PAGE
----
Sometime around 56 AD, the apostle Paul wrote to the church in Rome. His letter was arguably his theological masterpiece, and has continued to shape Christian faith ever since. He entrusted this letter to Phoebe, the deacon of the church...
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Sometime around 56 AD, the apostle Paul wrote to the church in Rome. His letter was arguably his theological masterpiece, and has continued to shape Christian faith ever since. He entrusted this letter to Phoebe, the deacon of the church at Cenchreae; in writing to the church that almost surely met in her home, Paul refers to her both as a deacon and as a helper or patron of many. But who was this remarkable woman? In this, her first work of fiction, Biblical scholar and popular author and speaker Paula Gooder tells Phoebe's story - who she was, the life she lived and her first-century faith - and in doing so opens up Paul's theology, giving a sense of the cultural and historical pressures that shaped Paul's thinking, and the faith of the early church. Written in the gripping style of Gerd Theissen's The Shadow of the Galilean, and similarly rigorously researched, this is a book for everyone and anyone who wants to engage more deeply and imaginatively with Paul's theology - from one of the UK's foremost New Testament scholars.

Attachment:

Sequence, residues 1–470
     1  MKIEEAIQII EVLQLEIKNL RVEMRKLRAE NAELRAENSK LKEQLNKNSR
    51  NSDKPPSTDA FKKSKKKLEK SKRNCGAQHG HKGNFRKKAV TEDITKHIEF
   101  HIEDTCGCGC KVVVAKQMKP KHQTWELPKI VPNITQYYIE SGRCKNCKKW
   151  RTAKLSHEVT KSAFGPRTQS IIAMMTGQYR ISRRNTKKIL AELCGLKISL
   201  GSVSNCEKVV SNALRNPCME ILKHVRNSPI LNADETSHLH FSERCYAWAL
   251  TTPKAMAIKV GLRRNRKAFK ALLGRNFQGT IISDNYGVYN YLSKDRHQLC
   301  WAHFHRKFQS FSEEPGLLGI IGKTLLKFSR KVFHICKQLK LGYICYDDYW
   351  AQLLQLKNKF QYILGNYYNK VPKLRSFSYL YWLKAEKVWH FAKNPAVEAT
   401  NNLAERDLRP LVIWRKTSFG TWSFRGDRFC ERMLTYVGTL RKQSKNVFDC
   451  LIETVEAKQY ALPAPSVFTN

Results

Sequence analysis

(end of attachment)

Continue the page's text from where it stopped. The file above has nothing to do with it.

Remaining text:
Paula Gooder (D.Phil., University of Oxford) is a part-time tutor at the Queens Foundation for Ecumenical Theological Education in Birmingham and a freelance writer and lecturer on the Bible.
She is the author of many books including The Pentateuch (Continuum, 2000); This Risen Existence. The Spirit of Easter (Canterbury Press, 2009); A Way Through the Wilderness. God's Help in a Time of Crisis (Church House Publishing, 2009); Only The Third Heaven? 2 Corinthians 12.1-10 and Heavenly Ascent (T&T Clark, 2006); Hosea-Micah (The People's Bible Commentary; BRF, 2005) and co-author with Dr Peter Kevern of Exploring New Testament Greek (SCM Press, 2004)
She also is Canon Theologian of Birmingham Cathedral, Visiting lecturer at King's College, London, Associate lecturer at St Mellitus College, London, an Honorary Lecturer at the University of Birmingham and Senior Research Scholar at the Queen's Foundation, Birmingham. She is a Reader in the Church of England and a member of General Synod.
Koorong - Editorial Review.